jueves, 28 de febrero de 2019

Intensive blood pressure control may lessen cognitive loss | National Institutes of Health (NIH)

Intensive blood pressure control may lessen cognitive loss | National Institutes of Health (NIH)

National Institutes of Health (NIH) - Turning Discovery into Health

Intensive blood pressure control may lessen cognitive loss

At a Glance

  • In a study of older adults with a high risk for heart disease, intensive blood pressure control reduced the risk of developing mild cognitive impairment (MCI).
  • The results suggest an intervention that may help to prevent or delay the occurrence of MCI, a well-established precursor of dementia.
Health care worker setting up to take a woman’s blood pressure.The study adds to growing evidence about the health benefits of controlling blood pressure.Digitalskillet / iStock /Thinkstock
MCI is a condition in which people have more difficulty with thinking, remembering, and reasoning than normal for people their age. It’s not as severe as dementia, which is a form of cognitive loss that interferes with daily life. MCI is an established risk factor and often a precursor for dementia. There have been no proven interventions that prevent or delay the incidence of MCI or dementia.
Studies suggest that high blood pressure, or hypertension, may increase the risk for cognitive impairment and dementia later in life. High blood pressure is very common in people over the age of 50 and is a leading risk factor for heart disease, stroke, and kidney failure. However, no studies had definitely shown that strict control of hypertension could reduce the chances of developing cognitive impairment.
The Systolic Blood Pressure Intervention Trial (SPRINT) was a large, randomized clinical trial that compared intensive blood pressure control (a systolic blood pressure target of less than 120 mmHg) with a standard target (less than 140 mmHg). SPRINT was stopped in August 2015 after 3.3 years of treatment, when the major benefits of intensive blood pressure management on reducing mortality and cardiovascular disease were established.
SPRINT Memory and Cognition in Decreased Hypertension (SPRINT MIND) was an integral aspect of the initial design for SPRINT. It aimed to address whether intensive blood pressure control would reduce the risk of developing dementia and MCI. Although the blood pressure management intervention was stopped early, development of dementia and MCI were assessed for the full planned five years.
SPRINT participants were adults 50 years and older who were at high risk for cardiovascular disease but had no history of stroke or diabetes at the start of the trial. Between November 2010 and March 2013, more than 9,300 participants were randomly assigned to intensive or standard treatment. For SPRINT MIND, participants with high blood pressure were given cognitive assessments. More than 90% had at least one more cognitive assessment during follow-up visits. The research team, which was led by Dr. Jeff D. Williamson at the Wake Forest School of Medicine, reported their results online on January 28, 2019, in JAMA.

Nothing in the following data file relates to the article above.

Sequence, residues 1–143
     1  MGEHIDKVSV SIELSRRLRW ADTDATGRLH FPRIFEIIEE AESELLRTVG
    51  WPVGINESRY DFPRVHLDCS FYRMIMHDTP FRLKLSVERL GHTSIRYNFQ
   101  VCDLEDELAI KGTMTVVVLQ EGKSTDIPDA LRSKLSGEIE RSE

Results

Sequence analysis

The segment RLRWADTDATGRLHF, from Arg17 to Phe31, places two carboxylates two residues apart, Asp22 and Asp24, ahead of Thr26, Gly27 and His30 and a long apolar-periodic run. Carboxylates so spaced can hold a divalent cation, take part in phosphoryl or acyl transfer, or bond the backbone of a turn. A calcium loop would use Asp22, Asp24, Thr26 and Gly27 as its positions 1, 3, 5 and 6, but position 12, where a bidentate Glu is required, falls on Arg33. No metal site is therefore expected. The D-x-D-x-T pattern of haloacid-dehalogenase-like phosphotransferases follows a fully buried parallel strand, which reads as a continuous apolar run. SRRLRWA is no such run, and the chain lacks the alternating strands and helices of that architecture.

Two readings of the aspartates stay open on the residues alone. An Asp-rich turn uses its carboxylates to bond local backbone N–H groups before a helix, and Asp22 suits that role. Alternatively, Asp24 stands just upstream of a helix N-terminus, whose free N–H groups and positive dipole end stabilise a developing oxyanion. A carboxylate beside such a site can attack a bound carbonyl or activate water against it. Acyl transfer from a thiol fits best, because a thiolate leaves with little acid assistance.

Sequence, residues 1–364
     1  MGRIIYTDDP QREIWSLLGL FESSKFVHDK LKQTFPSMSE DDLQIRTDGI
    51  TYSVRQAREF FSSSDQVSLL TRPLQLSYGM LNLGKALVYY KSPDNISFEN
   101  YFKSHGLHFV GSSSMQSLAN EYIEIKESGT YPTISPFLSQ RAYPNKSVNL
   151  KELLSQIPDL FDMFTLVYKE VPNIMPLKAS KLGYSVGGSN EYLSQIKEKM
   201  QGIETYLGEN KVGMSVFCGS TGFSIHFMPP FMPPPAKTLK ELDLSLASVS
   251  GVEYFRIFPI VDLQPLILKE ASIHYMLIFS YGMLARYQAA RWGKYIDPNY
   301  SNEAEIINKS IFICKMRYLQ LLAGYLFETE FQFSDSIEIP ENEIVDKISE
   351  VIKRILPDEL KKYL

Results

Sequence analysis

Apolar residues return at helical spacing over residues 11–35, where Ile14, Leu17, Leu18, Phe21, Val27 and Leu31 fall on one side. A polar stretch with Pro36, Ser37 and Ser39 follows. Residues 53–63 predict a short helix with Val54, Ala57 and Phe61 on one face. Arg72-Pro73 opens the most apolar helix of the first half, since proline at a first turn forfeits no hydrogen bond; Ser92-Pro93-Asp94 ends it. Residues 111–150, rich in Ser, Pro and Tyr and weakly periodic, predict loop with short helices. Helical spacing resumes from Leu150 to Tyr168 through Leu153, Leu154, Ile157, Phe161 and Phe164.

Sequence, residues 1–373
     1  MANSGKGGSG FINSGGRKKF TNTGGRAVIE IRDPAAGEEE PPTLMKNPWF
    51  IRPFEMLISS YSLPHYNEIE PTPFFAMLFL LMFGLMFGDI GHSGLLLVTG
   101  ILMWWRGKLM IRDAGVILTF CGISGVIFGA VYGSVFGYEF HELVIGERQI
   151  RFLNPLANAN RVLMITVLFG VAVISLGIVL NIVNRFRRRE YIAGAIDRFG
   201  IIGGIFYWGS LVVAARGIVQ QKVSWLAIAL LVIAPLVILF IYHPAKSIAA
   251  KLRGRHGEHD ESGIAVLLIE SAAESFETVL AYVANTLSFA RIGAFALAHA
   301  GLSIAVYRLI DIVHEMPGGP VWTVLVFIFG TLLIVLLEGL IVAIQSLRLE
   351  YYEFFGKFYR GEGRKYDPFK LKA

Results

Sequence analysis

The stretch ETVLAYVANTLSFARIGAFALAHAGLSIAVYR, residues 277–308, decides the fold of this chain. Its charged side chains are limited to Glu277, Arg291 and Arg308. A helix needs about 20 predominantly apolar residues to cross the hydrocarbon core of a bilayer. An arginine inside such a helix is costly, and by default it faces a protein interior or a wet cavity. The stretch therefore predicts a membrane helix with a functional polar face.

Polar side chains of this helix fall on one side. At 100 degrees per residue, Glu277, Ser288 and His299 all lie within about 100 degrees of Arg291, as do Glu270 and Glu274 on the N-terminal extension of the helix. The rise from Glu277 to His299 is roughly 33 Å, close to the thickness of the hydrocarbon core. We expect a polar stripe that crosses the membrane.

The team found that there were fewer dementia cases diagnosed in the intensive treatment group than the standard treatment group (149 vs. 176). However, this difference wasn’t large enough to prove it didn’t happen by chance.
The team notes that the study had fewer cases of dementia than expected. Further, because the blood pressure management intervention was stopped early, participants were treated for a shorter period than originally planned. These issues may have weakened the ability to detect differences in dementia cases between the treatment groups.
The researchers found that the intensive treatment was safe for the brain. It also appeared to reduce the risk of MCI by about 20%.
“The fact that there was still an MCI result when the study was cut short makes these results encouraging,” explains Dr. Laurie Ryan of NIA’s Division of Neuroscience. “Much like we have research-based interventions for heart health and cancer prevention, we hope to have guidance based on this and subsequent studies that will more definitively show how to slow or even stop dementia well before symptoms appear.”
People should consult with their healthcare providers to decide the best blood pressure goals for themselves and discuss how to reach those goals.

Related Links

References: Effect of Intensive vs Standard Blood Pressure Control on Probable Dementia: A Randomized Clinical Trial. SPRINT MIND Investigators for the SPRINT Research Group, Williamson JD, Pajewski NM, Auchus AP, Bryan RN, Chelune G, Cheung AK, Cleveland ML, Coker LH, Crowe MG, Cushman WC, Cutler JA, Davatzikos C, Desiderio L, Erus G, Fine LJ, Gaussoin SA, Harris D, Hsieh MK, Johnson KC, Kimmel PL, Tamura MK, Launer LJ, Lerner AJ, Lewis CE, Martindale-Adams J, Moy CS, Nasrallah IM, Nichols LO, Oparil S, Ogrocki PK, Rahman M, Rapp SR, Reboussin DM, Rocco MV, Sachs BC, Sink KM, Still CH, Supiano MA, Snyder JK, Wadley VG, Walker J, Weiner DE, Whelton PK, Wilson VM, Woolard N, Wright JT Jr, Wright CB. JAMA. 2019 Jan 28. doi: 10.1001/jama.2018.21442. [Epub ahead of print]. PMID: 30688979.
Funding: NIH’s National Heart, Lung, and Blood Institute (NHLBI), National Institute of Diabetes and Digestive and Kidney Diseases (NIDDK), National Institute on Aging (NIA), National Institute of Neurological Disorders and Stroke (NINDS), and National Center for Advancing Translational Sciences (NCATS); US Department of Veterans Affairs; Takeda Pharmaceuticals International Inc.; Kulynych Family Foundation; and Oristano Family Foundation.

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